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Act 388 – A Gift that Keeps on Taking

The $866 million bailout of Act 388, reported yesterday in The Greenville News, raises serious questions about legislative transparency, oversight and the seeming lack of any coherent tax policy on a state or local level. The article also revealed that Act 388 unfairly burdens two specific classes of taxpayer.

Act 388 has driven small business owners share of local property taxes higher in South Carolina than almost all other states. This increase, though unfair, has been visible to property owners.

What has remained hidden until now is the cost to our state’s workers. We now know that South Carolina workers, those who pay personal income taxes, are funding the $866 million bailout for an ill-conceived piece of legislation.

Act 388 was a tax swap passed in 2006 to fund public school operating costs. It raised sales taxes on the state level while lowering property taxes on the local level. The bill contained a safety net for school districts that committed the General Fund to a bailout if revenue from sales tax growth did not meet expectations.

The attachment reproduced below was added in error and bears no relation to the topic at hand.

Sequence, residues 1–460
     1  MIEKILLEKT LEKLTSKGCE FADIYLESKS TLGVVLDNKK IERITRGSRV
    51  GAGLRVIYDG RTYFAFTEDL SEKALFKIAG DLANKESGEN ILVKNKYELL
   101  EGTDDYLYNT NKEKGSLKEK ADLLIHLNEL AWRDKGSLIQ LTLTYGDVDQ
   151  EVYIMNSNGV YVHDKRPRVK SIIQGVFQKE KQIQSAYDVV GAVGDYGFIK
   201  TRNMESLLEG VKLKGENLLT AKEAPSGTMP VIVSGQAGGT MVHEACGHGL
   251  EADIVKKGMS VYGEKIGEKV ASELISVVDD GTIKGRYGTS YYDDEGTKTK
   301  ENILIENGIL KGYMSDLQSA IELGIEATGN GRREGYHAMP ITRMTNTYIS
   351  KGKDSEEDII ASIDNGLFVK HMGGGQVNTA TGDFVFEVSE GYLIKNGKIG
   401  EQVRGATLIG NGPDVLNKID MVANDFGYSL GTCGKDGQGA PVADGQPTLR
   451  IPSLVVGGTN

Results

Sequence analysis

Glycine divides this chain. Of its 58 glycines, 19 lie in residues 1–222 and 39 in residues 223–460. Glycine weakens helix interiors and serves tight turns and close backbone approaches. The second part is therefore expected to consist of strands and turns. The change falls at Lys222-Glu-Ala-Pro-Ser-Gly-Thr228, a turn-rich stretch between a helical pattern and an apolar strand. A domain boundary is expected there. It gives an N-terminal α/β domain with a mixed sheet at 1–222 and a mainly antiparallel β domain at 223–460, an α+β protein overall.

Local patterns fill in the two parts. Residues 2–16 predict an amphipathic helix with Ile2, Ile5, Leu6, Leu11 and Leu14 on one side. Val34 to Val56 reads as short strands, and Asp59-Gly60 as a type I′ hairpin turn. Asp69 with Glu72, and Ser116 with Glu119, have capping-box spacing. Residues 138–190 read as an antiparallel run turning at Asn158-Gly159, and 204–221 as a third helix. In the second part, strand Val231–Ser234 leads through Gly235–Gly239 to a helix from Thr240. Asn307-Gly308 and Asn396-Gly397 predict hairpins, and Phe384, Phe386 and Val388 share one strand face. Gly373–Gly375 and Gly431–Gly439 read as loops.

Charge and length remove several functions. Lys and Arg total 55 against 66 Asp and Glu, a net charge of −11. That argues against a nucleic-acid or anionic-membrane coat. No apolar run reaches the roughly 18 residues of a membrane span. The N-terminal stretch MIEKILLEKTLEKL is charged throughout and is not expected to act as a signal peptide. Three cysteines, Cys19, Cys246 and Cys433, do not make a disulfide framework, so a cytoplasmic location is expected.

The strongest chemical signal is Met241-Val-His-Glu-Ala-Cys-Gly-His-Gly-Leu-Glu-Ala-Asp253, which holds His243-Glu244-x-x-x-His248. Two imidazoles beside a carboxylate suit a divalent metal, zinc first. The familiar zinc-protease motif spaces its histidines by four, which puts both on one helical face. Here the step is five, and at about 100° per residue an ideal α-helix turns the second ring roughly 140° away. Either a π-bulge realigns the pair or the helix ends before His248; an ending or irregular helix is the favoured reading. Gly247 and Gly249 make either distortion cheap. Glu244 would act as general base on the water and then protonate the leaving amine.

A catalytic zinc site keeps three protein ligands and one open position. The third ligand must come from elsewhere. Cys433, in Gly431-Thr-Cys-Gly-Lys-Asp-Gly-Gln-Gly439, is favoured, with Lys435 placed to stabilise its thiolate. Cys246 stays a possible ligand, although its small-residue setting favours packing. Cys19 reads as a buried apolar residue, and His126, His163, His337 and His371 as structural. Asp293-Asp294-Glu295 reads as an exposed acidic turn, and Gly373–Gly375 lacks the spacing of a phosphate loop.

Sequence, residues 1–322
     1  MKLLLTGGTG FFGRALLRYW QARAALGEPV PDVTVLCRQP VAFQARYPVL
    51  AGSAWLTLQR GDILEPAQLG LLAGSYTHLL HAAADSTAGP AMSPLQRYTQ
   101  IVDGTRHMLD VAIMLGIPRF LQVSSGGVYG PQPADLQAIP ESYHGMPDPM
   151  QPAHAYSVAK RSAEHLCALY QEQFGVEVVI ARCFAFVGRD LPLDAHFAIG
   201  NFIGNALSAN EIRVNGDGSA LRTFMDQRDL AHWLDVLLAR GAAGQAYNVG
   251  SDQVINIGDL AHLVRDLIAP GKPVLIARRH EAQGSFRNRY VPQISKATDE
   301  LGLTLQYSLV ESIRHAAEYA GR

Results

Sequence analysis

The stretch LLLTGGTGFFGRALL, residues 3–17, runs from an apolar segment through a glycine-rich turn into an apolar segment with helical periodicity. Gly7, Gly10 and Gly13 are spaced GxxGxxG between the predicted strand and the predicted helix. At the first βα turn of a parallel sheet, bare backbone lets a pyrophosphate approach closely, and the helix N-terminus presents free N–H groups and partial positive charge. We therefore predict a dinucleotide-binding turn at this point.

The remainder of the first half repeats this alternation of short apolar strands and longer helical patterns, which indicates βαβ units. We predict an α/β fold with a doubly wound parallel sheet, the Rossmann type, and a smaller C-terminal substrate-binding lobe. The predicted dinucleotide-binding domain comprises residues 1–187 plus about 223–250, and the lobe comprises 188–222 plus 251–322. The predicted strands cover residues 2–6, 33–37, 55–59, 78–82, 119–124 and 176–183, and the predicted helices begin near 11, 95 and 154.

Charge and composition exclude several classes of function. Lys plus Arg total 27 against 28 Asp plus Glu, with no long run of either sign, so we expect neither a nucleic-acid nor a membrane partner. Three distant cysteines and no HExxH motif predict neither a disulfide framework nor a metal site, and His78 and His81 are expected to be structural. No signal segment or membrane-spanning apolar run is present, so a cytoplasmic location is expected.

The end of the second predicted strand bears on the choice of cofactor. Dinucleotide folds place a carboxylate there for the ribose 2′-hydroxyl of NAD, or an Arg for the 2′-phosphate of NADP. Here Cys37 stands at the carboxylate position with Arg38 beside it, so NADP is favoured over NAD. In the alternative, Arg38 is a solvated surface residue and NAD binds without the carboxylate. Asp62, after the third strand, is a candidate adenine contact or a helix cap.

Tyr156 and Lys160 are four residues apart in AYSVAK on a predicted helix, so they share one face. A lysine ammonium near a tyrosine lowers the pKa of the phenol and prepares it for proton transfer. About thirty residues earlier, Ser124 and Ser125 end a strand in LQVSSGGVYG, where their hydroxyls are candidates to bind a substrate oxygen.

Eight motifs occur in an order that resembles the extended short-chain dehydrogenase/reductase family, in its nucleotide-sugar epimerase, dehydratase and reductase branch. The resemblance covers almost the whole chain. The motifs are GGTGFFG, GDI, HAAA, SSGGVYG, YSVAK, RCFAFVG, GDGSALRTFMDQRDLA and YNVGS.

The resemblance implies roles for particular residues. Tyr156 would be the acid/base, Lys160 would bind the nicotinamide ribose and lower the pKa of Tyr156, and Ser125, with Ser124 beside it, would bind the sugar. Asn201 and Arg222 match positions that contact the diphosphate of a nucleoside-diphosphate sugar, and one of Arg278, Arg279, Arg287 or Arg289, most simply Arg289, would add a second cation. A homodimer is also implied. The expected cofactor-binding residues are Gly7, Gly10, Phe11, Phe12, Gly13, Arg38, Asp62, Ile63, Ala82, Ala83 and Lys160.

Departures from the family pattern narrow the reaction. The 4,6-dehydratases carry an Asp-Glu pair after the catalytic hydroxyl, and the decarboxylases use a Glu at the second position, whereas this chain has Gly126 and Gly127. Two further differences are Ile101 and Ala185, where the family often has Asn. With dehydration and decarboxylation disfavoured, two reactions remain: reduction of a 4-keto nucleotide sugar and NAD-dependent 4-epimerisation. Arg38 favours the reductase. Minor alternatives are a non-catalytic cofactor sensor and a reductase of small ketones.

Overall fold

The bill, touted as tax relief, passed with great fanfare in 2006. Then an economic event happened that apparently no one factored into the sales tax growth projections – a recession hit. Since then, sales tax growth has never met the formula requirements in the original bill – even after the recession ended. The bailout has leveled off at over $100 million per year with no end in sight.

The General Fund has two main sources of tax revenue – the sales tax and the personal income tax. When sales tax revenue fails to meet growth projections and a safety net exists like we see in Act 388, then the revenue used in the required bailout comes from personal income taxes.

In the final analysis, the tax relief offered by Act 388 was really a property tax shift on the local level and a sales tax hike on the state level. It covered the cost of the supposed “tax relief” by shifting revenue shortfalls onto the backs of South Carolina workers. The shortfall resulted from unrealistic growth projections and created a $100 million annual bailout that remains uncorrected.

Worse yet, these facts have seemingly remained hidden from most members of the General Assembly in a complex budget process that only a select few legislators have control over – a pattern typical of the last leadership regime in the House.

As a House Republican, these revelations violate the very core of conservative principles that I hold and they should be remembered by every House conservative as we begin debating the new budget, the $500 million bond proposal and the two road funding bills.